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A SPECIAL SECTION: Haiti, Since the January 12, 2010 Fierce Earthquake
Professor Yves A. Isidor conveys his thoughts or opinion to the U.S. news media (partial)
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Posted Tuesday, January 3,  2012

Haiti - Justice : The former Government Commissioner gives his version of facts

In an interview, Lionel Bourgoin Constant, the former Commissioner of the Government, has explained the circumstances of his resignation in the attempted arrest of former President Gaillot Dorsinvil, last Friday at Toussaint Louverture International Airport.

It's me who offered myself to become Commissioner of the Government to this governmental team [...] I wanted to contribute to justice, to change the criminal justice system in Haiti, so that public action is more effective but also more respectful of individual liberties against the current problems of human rights violations in that country.

So when I got in this situation where a Minister asks me to do things I can not do, that the criminal proceedings does not allow me to do, I am obliged to resign, I do not have choice [...] I refer to the case Gaillot, everyone knows it.

The Minister asked me to ban to to Mr. Gaillot to travel. At first, I could not do it because I had no legal basis to act [...] At this point, I went to the airport, not to prohibit Mr. Gaillot leaving or confiscate his passport, or stop the plane, but talk to Mr. Gaillot for some time, advising him not to go, because if justice asked him something, that he can defend itself it's just that, and I left M. Gaillot free at the airport.

Members of the government it seems, the Minister of Justice reproach me that... this means that I did not act according to their convictions and that I should not execute a court decision that has acquired the authority of the thing sovereignly judged, that I had to say it first to the Minister, this cannot be done !

A good Government Commissioner does not have to ask to the Minister, who is in the executive, if it must execute a court decision that has acquired the authority of the thing sovereignly judged, no, it must inform it of the execution of this decision that's what I learned in school and in a great school thanks to God. This is what I learned also to student magistrates, so that they become courageous magistrates in their missions.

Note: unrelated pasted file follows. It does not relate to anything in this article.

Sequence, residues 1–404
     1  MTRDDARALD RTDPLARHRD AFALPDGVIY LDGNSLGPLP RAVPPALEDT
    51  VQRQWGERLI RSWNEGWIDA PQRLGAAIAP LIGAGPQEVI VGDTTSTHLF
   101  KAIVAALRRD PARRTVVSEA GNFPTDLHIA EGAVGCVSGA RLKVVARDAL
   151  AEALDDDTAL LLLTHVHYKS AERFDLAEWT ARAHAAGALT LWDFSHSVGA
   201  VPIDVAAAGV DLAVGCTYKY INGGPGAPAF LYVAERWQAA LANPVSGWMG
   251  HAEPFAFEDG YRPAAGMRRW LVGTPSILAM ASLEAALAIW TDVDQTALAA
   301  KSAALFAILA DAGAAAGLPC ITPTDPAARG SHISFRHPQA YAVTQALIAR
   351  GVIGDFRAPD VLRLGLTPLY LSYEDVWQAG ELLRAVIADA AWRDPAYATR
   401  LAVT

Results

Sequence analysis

We must respect justice, court decisions [...] it was necessary that the prosecution take appeal, so that the court order is not executed. It was at this time, that the Minister should be informed by the prosecution, [...] for the government can take the necessary decisions. We accepted the decision, the decision was active, now we can not do anything, it's a decision that is final, so you have to execute it simply, we must inform the Minister and that's what I did the day I had instructed my substitute to execute this court decision.

Now, the day I was at the airport, where I left M. Gaillot, I met some people and we found a legal basis for the benefit of the state, preventing members of the CEP to leave the country without they restore the goods of the state to the institution... At that time, I sent letters to various institutions.

But the next day [Saturday] Mr. Ribel Pierre (former member of the CEP), it seems that he was leaving and he was blocked, according to me it seems that someone wanted to compel him... In this sense, the Minister of Justice decided to call my substitute, on the pretext that he could not talk to me to ask him to come with the seal of the Ministry to be able to make warrants, that is no longer done, we can no longer act in this way in a country where we want to build a rule of law... When the Minister [of Justice] called me, I told him that I've never seen that he called me on the phone and the Minister informed me of the constraints... I say to the Minister, I will resign and he accepted my resignation. Thus I was home, I make my resignation letter and that I brought it to the prosecution for the formatting of the paper with letterhead of the prosecution. I then handed it to the Secretary of Justice Minister..."

Copyright 2010 - 2012

Published Tuesday, January 3, 2012.

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